The Washington Post
The Color of Nightby Madison Smartt Bell
Mae, a blackjack dealer in a Las Vegas casino, spends her free time wandering the desert with a rifle, or sitting in her trailer obsessively watching replays of an old lover escaping the wreckage of 9/11. What she sees in those images is different from what the rest of us would see. She revels in the pure anarchy, thrills at the destruction. These images recall memories of a childhood marked by unthinkable abuse, of her drift into a cult that committed the most shocking crime of the '60s, of her life since then as a feral and wary outsider, caught in a swirl of events at once personal, political, mythic.
From the Trade Paperback edition.
The Washington Post
"A work that makes lucid the shadows and darkening corners that were encroaching on an America increasingly lost to its own history and self-respect. . . . As unforgettable as the events that inspired it." Robert Stone, author of Dog Soldiers
"In twenty books written over nearly thirty years, Madison Smartt Bell has gone from a writer of enormous promise to a master and more, a living literary resource. As his avid admirers will be happy to tell you, if you haven't read him, you don't know what you're missing. The Color of Night is characteristically brilliant and compelling, a terrifying vision of American dreaming. It may not be pretty, but it's certainly beautiful."Michael Herr, author of Dispatches
“[A] sharp blade of a novel, every word is weaponized as Bell stands at the portal to chthonic evil.”—Booklist
“A hybrid of mid-career Cormac McCarthy and the film collaborations of Quentin Tarantino and Robert Rodriguez. . . . Bell's skills as a novelist are amply in evidence.”—Kirkus
The latest fiction from versatile and distinguished veteran Bell (Devil's Dream, 2009, etc.) provides a grim, pitiless look at the ways that violence perpetuates itself.
Mae is a middle-aged woman in desert self-exile. By day she deals blackjack in a casino; by night she roams the sere landscape above her trailer, peering out at the world through a rifle sight—a predator in semi-retirement. After 9/11, she sits rapt—and a little enraptured—before her television, watching endless replays of the crashing planes in a way that has an unmistakable erotic charge: "a plane biting into the side of a building, its teeth on the underside where the mouth of a shark is." Then, in a shot of survivors crawling from the wreckage, she spots her ex-lover Laurel—bloodied, kneeling, supplicant. Mae records the image, makes an endless loop of it and begins watching the clip obsessively. She dispatches a friend to locate Laurel, whom she hasn't seen in decades—and who, like Mae, has good reason to be unfindable. Meanwhile, Mae begins reflecting on the unbroken chain of violence that has made her the damaged, semi-feral person she is. First came five years of incestuous abuse by her brother, who taught her both to hunt and to cut herself, a habit she's carried on all these years; then her would-be escape to San Francisco, where she immediately fell first into prostitution and then into this novel's chilling version of the Manson family. The book's devotion to anatomizing and exploring violence in all its forms—it resembles at times a hybrid of mid-career Cormac McCarthy and the film collaborations of Quentin Tarantino and Robert Rodriguez—can make it wobble between poignancy and near-parody—eventually it devolves into something like a body count conducted in lyric prose. Further, the echoes of Orpheus and Eurydice seem overdone. But Bell's skills as a novelist are amply in evidence, and the reader cannot quite look away.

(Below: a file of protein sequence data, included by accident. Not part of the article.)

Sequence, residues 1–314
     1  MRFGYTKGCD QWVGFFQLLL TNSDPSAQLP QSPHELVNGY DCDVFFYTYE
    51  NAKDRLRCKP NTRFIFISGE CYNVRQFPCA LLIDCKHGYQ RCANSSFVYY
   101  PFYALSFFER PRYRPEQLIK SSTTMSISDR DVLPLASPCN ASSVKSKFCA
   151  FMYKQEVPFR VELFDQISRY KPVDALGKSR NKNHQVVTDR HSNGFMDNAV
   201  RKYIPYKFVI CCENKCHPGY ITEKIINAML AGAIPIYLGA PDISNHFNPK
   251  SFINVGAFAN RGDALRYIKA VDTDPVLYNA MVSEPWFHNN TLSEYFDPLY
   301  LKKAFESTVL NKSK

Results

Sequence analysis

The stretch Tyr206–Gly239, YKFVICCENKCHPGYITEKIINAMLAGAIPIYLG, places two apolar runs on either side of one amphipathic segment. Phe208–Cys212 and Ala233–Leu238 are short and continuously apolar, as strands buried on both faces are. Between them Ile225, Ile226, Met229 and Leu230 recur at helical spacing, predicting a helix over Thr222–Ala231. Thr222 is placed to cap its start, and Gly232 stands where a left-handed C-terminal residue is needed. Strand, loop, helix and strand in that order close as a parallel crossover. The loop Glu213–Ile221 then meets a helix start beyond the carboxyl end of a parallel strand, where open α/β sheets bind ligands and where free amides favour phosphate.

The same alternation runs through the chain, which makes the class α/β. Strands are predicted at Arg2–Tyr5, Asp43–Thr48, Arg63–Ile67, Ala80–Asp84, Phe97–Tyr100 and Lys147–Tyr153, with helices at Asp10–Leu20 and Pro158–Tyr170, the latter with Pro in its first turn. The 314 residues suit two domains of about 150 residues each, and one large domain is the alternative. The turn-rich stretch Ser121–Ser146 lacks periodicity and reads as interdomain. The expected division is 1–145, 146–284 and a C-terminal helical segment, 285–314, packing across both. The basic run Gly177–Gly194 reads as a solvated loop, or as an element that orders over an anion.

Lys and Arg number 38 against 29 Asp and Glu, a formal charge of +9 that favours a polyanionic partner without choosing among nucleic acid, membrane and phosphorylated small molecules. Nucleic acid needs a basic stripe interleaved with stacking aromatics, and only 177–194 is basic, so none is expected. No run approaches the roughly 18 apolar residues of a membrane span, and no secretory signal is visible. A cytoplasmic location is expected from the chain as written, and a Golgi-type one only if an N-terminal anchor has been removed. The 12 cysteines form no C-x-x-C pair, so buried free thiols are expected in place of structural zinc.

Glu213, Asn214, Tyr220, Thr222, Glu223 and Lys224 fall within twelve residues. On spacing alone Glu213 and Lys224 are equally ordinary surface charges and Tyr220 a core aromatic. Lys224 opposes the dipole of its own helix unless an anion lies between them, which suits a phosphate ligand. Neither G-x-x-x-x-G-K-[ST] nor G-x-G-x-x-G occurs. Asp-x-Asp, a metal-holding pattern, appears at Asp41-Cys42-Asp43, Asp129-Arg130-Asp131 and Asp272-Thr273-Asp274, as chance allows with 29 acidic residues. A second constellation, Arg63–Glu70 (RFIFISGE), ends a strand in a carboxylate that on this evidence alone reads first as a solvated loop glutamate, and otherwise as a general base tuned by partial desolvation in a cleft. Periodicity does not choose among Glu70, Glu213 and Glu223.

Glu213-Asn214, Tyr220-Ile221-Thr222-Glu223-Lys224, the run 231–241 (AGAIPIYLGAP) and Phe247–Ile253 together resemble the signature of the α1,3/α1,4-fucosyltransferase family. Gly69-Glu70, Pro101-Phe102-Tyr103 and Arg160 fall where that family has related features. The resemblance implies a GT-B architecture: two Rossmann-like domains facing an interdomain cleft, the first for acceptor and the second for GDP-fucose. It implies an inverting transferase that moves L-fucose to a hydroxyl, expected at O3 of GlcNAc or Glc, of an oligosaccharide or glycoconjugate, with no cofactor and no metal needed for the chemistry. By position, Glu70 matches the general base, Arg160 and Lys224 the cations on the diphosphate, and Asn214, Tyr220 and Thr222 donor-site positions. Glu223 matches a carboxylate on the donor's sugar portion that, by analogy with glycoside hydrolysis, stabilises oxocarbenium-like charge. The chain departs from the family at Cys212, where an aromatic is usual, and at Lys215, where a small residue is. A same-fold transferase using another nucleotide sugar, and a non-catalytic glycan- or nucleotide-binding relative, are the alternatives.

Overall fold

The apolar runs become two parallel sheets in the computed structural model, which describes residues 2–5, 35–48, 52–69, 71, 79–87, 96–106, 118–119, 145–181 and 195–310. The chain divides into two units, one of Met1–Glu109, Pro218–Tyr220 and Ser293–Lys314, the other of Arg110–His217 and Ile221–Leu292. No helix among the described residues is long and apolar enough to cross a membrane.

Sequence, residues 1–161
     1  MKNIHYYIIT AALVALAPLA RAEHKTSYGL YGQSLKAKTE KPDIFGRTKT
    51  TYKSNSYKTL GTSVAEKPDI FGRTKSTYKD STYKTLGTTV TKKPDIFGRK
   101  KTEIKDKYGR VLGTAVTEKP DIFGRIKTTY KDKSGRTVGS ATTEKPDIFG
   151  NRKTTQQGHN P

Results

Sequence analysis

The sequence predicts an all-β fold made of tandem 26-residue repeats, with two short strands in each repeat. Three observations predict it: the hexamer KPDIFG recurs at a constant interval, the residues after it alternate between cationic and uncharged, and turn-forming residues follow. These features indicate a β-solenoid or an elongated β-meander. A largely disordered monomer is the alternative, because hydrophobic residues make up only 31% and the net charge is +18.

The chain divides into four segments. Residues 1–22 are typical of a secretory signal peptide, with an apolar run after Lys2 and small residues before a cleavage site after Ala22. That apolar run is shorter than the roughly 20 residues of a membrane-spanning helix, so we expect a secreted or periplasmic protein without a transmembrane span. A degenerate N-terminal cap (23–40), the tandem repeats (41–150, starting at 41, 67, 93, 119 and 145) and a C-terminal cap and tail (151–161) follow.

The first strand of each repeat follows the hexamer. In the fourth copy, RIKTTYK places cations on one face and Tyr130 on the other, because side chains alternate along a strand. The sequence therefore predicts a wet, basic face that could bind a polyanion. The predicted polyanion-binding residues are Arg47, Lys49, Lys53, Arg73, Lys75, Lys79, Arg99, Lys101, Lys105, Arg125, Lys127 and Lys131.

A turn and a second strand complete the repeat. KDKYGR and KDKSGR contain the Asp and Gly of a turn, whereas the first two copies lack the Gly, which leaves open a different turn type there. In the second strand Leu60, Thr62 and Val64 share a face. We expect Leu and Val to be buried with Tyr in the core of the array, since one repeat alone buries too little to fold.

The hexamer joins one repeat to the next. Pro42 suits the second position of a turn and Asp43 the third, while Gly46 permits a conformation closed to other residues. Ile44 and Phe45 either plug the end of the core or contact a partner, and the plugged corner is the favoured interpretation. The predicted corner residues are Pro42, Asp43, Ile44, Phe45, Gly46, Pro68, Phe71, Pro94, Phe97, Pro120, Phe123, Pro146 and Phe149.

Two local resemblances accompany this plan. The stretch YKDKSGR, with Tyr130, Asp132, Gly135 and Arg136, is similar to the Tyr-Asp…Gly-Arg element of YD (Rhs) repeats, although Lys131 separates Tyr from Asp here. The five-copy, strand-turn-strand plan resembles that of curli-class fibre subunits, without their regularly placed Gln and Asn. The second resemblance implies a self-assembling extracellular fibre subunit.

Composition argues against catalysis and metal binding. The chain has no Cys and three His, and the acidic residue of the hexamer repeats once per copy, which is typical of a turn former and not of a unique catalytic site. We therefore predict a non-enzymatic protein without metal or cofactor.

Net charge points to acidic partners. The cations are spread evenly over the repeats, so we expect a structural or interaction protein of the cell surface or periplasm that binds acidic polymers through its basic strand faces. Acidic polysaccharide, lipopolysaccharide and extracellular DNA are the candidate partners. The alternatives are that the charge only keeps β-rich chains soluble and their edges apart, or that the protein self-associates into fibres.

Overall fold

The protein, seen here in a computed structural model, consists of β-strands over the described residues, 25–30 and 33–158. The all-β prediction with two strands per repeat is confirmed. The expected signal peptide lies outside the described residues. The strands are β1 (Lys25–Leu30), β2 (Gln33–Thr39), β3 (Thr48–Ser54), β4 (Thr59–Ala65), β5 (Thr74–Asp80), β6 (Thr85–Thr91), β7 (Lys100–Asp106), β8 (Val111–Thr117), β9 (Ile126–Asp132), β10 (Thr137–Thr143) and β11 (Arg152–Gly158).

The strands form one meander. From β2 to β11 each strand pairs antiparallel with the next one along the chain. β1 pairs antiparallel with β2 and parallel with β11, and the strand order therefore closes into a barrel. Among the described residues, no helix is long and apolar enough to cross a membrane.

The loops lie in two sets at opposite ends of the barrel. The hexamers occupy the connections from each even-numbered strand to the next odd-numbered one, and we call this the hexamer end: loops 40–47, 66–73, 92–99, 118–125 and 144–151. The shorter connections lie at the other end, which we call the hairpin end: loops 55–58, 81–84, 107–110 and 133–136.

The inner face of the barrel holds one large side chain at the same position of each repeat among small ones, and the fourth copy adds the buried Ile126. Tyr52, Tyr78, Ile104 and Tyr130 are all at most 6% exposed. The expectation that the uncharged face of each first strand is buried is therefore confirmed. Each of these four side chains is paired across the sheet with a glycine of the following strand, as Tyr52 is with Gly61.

A cold, dark novel—but a worthy one.
Read an Excerpt
Until the day the towers fell, I'd long believed that all the gods were dead. For years, for decades, my head was still. Only sometimes, deep in the desert, the soughing ghost voice of O——. But still, the bell of my head was silent, swinging aimlessly over the void.
I could watch it again, as much as I wanted, since the TV kept playing it over and over like a game of Tetris no one could win. No limit to how many times I could consume, could devour those images. Again and again the rapid swelling, ripening to the bursting point, and then the fall. The buckling, crumbling, blooming outward in the great orb of ruin before it showered all its matter to the ground. Those gnatlike specks that swirled around it proved to be mortals, springing out of the flames. Wrapped in the shrouds of their screaming, they sailed down.